Greensboro in Greene County, Georgia — The American South (South Atlantic)
Sheriff L. L. Wyatt
During his 37 years as Sheriff, Wyatt became a legend in his own time. Few men become legends and even fewer achieve the status of a "living legend" as did Sheriff Wyatt. He was a religious man who believed that God blessed him with protection
The most famous gunfight of Sheriff Wyatt’s career occurred in 1974. He was 70 years old at the time. Bank robbers eluded a 100-car police chase that started in Wrens, Georgia, and ended in Greene County. The bank robbers had killed a teller at the bank in Wrens and had taken two women hostage. Sheriff Wyatt set up a road block midway between Union Point and Greensboro. Wyatt stood in the middle of the road as the speeding car approached. The robbers attempted to shoot him, but the gun misfired. One bank robber was killed in the ensuing battle, but both women were unharmed. Sheriff Wyatt subsequently received the award of the Peace Officer of the Year for his bravery in this incident.
Sheriff Wyatt was a family man, devoted to his wife, son, and grandchildren. He was a businessman, lending his experience to the operation and affairs of the Citizens Union Bank as a director. He was a community leader who
Sheriff Wyatt, also known as Mr. Sheriff, was the epitome of a community oriented police officer long before such an idea was born and served as an example for every officer to follow.
Erected by Greene County Sheriff's Office.
Topics. This historical marker is listed in these topic lists: Government & Politics • Law Enforcement • Roads & Vehicles. A significant historical month for this entry is January 1720.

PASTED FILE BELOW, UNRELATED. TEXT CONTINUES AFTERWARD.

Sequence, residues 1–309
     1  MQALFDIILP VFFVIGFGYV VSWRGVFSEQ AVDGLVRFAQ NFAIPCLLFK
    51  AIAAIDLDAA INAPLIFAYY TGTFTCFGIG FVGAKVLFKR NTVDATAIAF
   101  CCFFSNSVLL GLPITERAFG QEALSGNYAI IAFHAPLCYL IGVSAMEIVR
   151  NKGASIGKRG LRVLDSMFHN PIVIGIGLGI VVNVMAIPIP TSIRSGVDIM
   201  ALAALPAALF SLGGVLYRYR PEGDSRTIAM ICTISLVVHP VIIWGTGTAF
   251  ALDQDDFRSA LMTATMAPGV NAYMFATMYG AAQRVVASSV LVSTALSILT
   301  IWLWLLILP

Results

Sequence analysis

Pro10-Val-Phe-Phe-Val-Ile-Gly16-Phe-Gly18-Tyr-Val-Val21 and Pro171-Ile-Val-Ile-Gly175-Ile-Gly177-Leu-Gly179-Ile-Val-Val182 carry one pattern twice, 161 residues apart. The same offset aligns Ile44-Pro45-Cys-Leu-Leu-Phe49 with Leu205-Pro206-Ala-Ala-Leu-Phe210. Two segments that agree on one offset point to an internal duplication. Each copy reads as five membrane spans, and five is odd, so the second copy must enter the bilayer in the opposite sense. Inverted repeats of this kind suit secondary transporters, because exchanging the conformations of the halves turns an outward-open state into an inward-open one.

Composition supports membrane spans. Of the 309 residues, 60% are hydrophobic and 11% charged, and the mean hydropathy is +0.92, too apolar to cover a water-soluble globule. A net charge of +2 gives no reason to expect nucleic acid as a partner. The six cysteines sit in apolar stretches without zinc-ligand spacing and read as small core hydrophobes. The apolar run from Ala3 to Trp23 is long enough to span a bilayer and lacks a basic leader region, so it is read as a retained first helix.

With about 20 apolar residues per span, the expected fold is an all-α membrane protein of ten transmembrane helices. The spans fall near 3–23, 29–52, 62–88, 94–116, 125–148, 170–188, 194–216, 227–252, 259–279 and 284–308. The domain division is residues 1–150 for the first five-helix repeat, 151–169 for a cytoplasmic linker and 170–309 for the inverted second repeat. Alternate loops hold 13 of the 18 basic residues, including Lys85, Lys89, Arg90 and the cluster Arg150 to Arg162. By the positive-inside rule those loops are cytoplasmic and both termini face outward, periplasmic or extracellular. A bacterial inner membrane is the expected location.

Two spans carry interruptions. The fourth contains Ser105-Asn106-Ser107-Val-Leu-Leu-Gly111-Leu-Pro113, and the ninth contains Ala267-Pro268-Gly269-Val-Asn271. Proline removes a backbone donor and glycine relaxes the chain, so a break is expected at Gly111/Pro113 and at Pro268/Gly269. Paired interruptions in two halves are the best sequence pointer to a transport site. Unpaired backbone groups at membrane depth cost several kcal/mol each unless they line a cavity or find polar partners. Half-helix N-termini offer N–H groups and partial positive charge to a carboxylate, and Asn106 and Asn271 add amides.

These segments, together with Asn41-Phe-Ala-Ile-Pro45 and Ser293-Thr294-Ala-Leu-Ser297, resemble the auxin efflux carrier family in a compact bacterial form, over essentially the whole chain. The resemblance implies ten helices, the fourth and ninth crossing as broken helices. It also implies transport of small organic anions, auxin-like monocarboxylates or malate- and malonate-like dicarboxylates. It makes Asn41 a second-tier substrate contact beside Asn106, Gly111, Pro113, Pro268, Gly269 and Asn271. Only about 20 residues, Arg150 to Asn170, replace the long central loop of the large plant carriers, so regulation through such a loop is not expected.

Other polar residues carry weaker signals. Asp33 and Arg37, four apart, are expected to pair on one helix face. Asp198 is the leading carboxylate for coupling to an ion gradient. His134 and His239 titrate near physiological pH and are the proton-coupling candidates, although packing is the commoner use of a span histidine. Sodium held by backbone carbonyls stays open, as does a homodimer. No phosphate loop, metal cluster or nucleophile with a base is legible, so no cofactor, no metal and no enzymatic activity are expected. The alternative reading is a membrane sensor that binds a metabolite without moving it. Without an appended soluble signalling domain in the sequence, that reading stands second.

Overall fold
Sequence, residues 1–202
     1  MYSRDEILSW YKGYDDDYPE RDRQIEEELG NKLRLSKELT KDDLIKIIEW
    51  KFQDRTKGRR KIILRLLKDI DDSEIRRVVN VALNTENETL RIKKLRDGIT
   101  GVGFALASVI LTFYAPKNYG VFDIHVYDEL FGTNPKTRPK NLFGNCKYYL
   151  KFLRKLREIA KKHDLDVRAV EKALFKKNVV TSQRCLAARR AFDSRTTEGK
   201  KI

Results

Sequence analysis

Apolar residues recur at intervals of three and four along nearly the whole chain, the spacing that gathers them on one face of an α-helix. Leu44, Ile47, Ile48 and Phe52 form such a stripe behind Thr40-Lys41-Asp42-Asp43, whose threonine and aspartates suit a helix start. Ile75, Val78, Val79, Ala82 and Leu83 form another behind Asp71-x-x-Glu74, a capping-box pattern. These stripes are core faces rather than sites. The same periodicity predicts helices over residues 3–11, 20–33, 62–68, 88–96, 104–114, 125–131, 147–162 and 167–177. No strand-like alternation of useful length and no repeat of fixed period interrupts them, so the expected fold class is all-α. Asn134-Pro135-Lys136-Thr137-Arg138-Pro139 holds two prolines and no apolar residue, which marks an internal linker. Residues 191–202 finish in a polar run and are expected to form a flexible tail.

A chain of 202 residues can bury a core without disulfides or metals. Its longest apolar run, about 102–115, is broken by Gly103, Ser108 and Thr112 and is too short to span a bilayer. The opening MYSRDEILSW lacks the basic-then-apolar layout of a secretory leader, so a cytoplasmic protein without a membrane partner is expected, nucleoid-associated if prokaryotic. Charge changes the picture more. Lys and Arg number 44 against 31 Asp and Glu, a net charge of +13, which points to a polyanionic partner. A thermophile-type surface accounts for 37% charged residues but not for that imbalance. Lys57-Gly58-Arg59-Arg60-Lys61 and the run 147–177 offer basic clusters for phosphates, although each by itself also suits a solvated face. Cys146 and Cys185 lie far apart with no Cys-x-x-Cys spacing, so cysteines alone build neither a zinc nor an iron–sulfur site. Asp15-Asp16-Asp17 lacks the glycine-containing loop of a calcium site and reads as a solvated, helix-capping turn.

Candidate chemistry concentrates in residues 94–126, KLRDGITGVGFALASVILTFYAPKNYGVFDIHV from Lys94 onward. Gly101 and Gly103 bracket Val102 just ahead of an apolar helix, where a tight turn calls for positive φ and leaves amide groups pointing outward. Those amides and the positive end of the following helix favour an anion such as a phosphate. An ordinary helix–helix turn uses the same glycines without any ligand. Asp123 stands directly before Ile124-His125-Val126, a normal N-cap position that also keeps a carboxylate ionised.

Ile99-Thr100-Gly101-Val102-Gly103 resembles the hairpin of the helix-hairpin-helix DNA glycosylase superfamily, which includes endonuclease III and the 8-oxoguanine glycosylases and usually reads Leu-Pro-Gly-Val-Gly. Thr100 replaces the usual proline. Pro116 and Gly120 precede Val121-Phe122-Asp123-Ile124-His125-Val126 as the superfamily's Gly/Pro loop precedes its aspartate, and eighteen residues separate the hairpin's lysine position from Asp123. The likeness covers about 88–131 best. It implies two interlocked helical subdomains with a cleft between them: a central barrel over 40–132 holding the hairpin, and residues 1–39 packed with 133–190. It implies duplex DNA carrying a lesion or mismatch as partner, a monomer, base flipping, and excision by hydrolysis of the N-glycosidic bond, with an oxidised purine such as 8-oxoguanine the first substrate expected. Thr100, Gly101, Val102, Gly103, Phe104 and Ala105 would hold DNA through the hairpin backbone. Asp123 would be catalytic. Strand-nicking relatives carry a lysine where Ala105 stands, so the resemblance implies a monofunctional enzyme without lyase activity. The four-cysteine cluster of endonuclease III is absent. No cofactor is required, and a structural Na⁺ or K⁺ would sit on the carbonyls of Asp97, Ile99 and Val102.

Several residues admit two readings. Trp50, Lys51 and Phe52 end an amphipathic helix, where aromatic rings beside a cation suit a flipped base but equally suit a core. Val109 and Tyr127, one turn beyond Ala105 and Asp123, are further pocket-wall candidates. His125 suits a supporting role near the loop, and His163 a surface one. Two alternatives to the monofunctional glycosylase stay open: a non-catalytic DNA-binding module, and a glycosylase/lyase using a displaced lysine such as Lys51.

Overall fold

Location. 33° 34.602′ N, 83° 10.866′ W. Marker is in Greensboro, Georgia, in Greene County. Marker is on North East Street 0 miles south of East Greene Street, on the left when traveling north. Touch for map. Marker is at or near this postal address: 102 N East Street, Greensboro GA 30642, United States of America. Touch for directions.
Other nearby markers. At least 8 other markers are within walking distance of this marker. Old Greene County "Gaol" (within shouting distance of this marker); William C. Dawson (about 400 feet away, measured in a direct line); First Commissioner of Agriculture (about 400 feet away); Greene County (about 400 feet away); The Burning of Greensborough (about 800 feet away); Bishop George Foster Pierce (approx. 0.2 miles away); Unknown Confederate Dead (approx. 0.4 miles away); Historic Springfield Baptist Church (approx. ¾ mile away). Touch for a list and map of all markers in Greensboro.
More about this marker. The marker is located at the Sheriff's Office, which now also houses the L.L. Wyatt Museum. The Museum contains photos, badges, a seized liquor still, century-old arrest warrants, an authentic old cell block, and firearms. The building was built in the 1890s.
Also see . . .
1. The High Sheriff of Greene: The True Story of Legendary Lawman L.L. Wyatt. 2016 book by Claire Underwood Hertzler on Amazon.com (Submitted on March 17, 2018.)
2. An Amusing Sheriff L L. Wyatt Story. The story is told by a resident of Greene County in this minute-and-a-half video.
Credits. This page was last revised on November 16, 2019. It was originally submitted on February 9, 2009, by David Seibert of Sandy Springs, Georgia. This page has been viewed 2,161 times since then and 17 times this year. It was the Marker of the Week March 18, 2018. Photos: 1, 2, 3. submitted on February 9, 2009, by David Seibert of Sandy Springs, Georgia. • Kevin W. was the editor who published this page.